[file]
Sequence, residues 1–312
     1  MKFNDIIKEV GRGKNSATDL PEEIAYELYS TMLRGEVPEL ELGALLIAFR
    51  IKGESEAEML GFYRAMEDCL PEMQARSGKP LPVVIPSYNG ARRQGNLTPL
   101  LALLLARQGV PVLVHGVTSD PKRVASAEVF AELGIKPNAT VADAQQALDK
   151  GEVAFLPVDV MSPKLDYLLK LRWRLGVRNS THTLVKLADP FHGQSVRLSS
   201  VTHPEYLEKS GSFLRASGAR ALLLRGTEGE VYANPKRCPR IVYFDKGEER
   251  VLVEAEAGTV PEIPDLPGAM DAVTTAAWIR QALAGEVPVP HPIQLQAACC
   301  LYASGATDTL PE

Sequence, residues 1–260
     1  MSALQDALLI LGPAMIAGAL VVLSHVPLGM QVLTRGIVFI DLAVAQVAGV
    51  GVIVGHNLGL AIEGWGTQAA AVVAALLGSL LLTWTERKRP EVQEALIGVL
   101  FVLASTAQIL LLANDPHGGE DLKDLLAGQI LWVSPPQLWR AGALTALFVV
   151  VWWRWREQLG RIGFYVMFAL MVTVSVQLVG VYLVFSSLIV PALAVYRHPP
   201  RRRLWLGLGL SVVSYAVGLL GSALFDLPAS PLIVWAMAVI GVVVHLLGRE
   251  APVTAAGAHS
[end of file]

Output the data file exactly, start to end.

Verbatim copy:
Sequence, residues 1–312
     1  MKFNDIIKEV GRGKNSATDL PEEIAYELYS TMLRGEVPEL ELGALLIAFR
    51  IKGESEAEML GFYRAMEDCL PEMQARSGKP LPVVIPSYNG ARRQGNLTPL
   101  LALLLARQGV PVLVHGVTSD PKRVASAEVF AELGIKPNAT VADAQQALDK
   151  GEVAFLPVDV MSPKLDYLLK LRWRLGVRNS THTLVKLADP FHGQSVRLSS
   201  VTHPEYLEKS GSFLRASGAR ALLLRGTEGE VYANPKRCPR IVYFDKGEER
   251  VLVEAEAGTV PEIPDLPGAM DAVTTAAWIR QALAGEVPVP HPIQLQAACC
   301  LYASGATDTL PE

Sequence, residues 1–260
     1  MSALQDALLI LGPAMIAGAL VVLSHVPLGM QVLTRGIVFI DLAVAQVAGV
    51  GVIVGHNLGL AIEGWGTQAA AVVAALLGSL LLTWTERKRP EVQEALIGVL
   101  FVLASTAQIL LLANDPHGGE DLKDLLAGQI LWVSPPQLWR AGALTALFVV
   151  VWWRWREQLG RIGFYVMFAL MVTVSVQLVG VYLVFSSLIV PALAVYRHPP
   201  RRRLWLGLGL SVVSYAVGLL GSALFDLPAS PLIVWAMAVI GVVVHLLGRE
   251  APVTAAGAHS